Neil Aggett: a brief biography

Neil Aggett
Neil Aggett

This biography of Neil Aggett is taken from Steven Friedman's Building Tomorrow Today (1987)

Submitted by red jack on December 18, 2016

‘In 1978, a young doctor at Soweto’s Baragwanath hospital began using his spare time to help the African Food and Canning Workers’ Union set up a Johannesburg branch. On the morning of 5 February, 1982, the doctor, Neil Aggett, now 28 years old and the secretary of A.F.C.W.U.’s Transvaal branch, was found dead in his cell at John Vorster Square police station: police said he hanged himself. He was the first white to die in detention.’

Neil was a remarkable young doctor who had come to the conclusion that ‘the diseases of his worker patients were rooted in their factory conditions’ and that unless these changed his work as a doctor would be somewhat futile.

‘Like some other young whites, he became a unionist only by rejecting the world in which he was raised. Aggett was born in Kenya to settler parents who emigrated to South Africa to escape independence. He was sent to a private school in the eastern Cape and graduated in medicine at the University of Cape Town. All this prepared him for a lucrative private medical career and an assured place in the white establishment. But university also awakened his interest in politics. He began reading political theory and turned his back on both the conservatism and the affluence of his background – he rejected luxury and moved into a labourer’s cottage without hot water or electricity.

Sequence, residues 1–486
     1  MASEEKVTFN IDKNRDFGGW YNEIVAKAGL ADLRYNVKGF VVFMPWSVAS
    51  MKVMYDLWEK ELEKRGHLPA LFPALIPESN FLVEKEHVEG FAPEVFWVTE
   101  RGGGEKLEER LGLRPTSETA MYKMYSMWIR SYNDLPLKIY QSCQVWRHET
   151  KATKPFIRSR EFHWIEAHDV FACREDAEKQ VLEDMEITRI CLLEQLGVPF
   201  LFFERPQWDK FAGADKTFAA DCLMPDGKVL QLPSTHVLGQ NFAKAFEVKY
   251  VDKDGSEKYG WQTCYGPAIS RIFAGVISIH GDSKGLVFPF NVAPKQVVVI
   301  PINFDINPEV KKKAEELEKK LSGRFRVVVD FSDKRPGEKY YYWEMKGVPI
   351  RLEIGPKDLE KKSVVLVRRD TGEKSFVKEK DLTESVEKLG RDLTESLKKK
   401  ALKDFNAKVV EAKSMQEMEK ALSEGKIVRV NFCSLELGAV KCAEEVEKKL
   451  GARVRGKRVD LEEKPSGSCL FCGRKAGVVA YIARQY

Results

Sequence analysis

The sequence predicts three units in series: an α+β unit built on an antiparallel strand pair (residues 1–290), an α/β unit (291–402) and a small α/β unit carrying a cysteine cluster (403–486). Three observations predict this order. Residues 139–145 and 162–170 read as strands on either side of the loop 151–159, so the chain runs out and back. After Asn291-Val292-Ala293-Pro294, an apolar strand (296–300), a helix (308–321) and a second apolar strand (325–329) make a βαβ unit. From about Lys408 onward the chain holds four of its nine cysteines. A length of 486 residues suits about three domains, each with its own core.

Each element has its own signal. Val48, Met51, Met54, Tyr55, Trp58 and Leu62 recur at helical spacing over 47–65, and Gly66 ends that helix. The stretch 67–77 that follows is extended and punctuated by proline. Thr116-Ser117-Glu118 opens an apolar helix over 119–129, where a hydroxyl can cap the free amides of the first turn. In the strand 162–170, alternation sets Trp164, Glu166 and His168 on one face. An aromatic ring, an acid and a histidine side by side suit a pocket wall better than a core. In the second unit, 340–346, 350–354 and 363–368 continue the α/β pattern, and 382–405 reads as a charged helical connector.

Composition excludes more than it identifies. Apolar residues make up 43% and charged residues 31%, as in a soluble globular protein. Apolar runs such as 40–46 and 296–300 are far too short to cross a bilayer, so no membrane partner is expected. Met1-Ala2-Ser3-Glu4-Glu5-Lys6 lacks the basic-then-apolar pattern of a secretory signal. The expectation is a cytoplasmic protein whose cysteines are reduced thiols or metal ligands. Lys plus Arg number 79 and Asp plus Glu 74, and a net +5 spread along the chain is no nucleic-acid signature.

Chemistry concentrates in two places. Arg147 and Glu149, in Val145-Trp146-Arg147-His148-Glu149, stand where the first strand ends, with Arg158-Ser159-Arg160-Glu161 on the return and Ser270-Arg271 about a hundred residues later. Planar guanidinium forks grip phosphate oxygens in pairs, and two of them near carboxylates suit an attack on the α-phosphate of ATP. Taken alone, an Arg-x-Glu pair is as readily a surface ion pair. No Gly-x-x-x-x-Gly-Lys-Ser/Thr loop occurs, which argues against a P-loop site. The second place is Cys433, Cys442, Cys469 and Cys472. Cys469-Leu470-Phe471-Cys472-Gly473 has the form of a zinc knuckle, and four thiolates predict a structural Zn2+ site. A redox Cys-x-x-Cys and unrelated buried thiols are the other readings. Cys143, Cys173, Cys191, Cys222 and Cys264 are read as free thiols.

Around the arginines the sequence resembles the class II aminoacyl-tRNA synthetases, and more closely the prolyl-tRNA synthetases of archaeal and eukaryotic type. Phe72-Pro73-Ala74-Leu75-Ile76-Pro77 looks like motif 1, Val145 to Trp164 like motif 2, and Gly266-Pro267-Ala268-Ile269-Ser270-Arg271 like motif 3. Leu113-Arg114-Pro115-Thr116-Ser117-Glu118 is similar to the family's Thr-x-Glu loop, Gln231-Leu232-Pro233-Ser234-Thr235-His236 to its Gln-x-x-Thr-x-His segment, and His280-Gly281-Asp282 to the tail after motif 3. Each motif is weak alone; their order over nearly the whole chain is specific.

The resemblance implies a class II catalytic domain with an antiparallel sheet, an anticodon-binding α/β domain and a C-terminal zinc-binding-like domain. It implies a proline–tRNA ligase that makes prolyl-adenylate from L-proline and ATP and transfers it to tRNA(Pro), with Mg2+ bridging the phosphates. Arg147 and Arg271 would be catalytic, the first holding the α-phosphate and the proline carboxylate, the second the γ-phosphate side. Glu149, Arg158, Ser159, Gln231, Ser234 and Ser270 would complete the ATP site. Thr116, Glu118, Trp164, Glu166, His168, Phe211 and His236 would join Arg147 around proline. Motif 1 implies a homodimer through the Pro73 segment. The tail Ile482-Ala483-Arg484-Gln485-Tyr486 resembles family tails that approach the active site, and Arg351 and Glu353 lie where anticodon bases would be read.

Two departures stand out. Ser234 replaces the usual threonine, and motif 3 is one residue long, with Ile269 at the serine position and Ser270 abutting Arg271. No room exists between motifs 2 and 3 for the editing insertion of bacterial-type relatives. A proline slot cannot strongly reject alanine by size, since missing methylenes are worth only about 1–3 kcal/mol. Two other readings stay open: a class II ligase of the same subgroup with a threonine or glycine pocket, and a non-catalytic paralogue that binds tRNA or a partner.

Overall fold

‘… Often he would work all night at the hospital and then put in a day’s work for the union.’

Officially Neil took his own life in his cell. However, ‘we know from the record at his inquest that he endured severe interrogation and that it was after a particularly harrowing sessions that he was found hanging in his cell.’

‘His death sparked local and foreign protests unrivaled since Steve Biko, founder of the black consciousness movement, died in detention in 1977. Biko’s death sparked outrage only; Aggett’s prompted a nation wide work stoppage which reshaped the union movement and its attitude to black political organizations – and impelled it towards greater unity.

In response to his death the emerging unions organized the first national factory stoppage in South African history.

‘… On Thursday at noon, workers in scores of factories stopped work. Some held short services; at one east Cape plant white supervisors joined it. At another, SAAWU members stood motionless at their work benches for thirty minutes; the silence, said a witness, was “awesome”. At Ford, MACWUSA members stood silently too, but with clenched fists raised. At a Boksburg plant, FOSATU union members marched around the local pass office. That evening, the unions announced that 100 000 workers had taken part. The first national factory stoppage in local union history had, they said, succeeded.

‘… Aggett’s funeral, which followed two days later, also helped shape attitudes – this time to political links. Some 6000 mourners packed into St Mary’s Anglican cathedral, a cavernous stone building in central Johannesburg. In the centre sat rows of Baragwanath nurses in uniform; to either side hundreds of workers in union T-shirts. Before the service began, lilting melodies swelled from the church as mourners, in uncanny harmony, paid tribute to Aggett with union songs. After a ceremony conducted by Bishop Desmond Tutu and an oration by A.F.C.W.U. general secretary Jan Theron, they set off in procession for the burial.

‘Aggett rejected segregation in life, but the law prevented him doing so in death; he was buried in a white cemetery in suburban Johannesburg and the procession brought the emerging unions into the heart of white suburbia. Startled residents scurried to their fences as thousands of workers, marching behind union banners in the searing heat, sang their last tribute to Neil Aggett. At the graveside, A.F.C.W.U. members, speaking through an interpreter, described what the young doctor had meant to their movement and brought home the way in which he had bridged the racial gap.’